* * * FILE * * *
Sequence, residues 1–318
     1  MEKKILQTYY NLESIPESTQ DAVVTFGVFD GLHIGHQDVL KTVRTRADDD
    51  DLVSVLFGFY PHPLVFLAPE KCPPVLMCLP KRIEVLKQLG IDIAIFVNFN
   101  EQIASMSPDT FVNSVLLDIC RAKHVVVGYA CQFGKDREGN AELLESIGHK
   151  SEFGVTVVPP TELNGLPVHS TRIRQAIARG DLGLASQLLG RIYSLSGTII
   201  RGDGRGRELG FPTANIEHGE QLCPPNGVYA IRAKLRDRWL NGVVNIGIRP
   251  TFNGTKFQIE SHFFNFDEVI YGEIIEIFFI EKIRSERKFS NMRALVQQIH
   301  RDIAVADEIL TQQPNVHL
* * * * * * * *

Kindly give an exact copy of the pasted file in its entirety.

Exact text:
Sequence, residues 1–318
     1  MEKKILQTYY NLESIPESTQ DAVVTFGVFD GLHIGHQDVL KTVRTRADDD
    51  DLVSVLFGFY PHPLVFLAPE KCPPVLMCLP KRIEVLKQLG IDIAIFVNFN
   101  EQIASMSPDT FVNSVLLDIC RAKHVVVGYA CQFGKDREGN AELLESIGHK
   151  SEFGVTVVPP TELNGLPVHS TRIRQAIARG DLGLASQLLG RIYSLSGTII
   201  RGDGRGRELG FPTANIEHGE QLCPPNGVYA IRAKLRDRWL NGVVNIGIRP
   251  TFNGTKFQIE SHFFNFDEVI YGEIIEIFFI EKIRSERKFS NMRALVQQIH
   301  RDIAVADEIL TQQPNVHL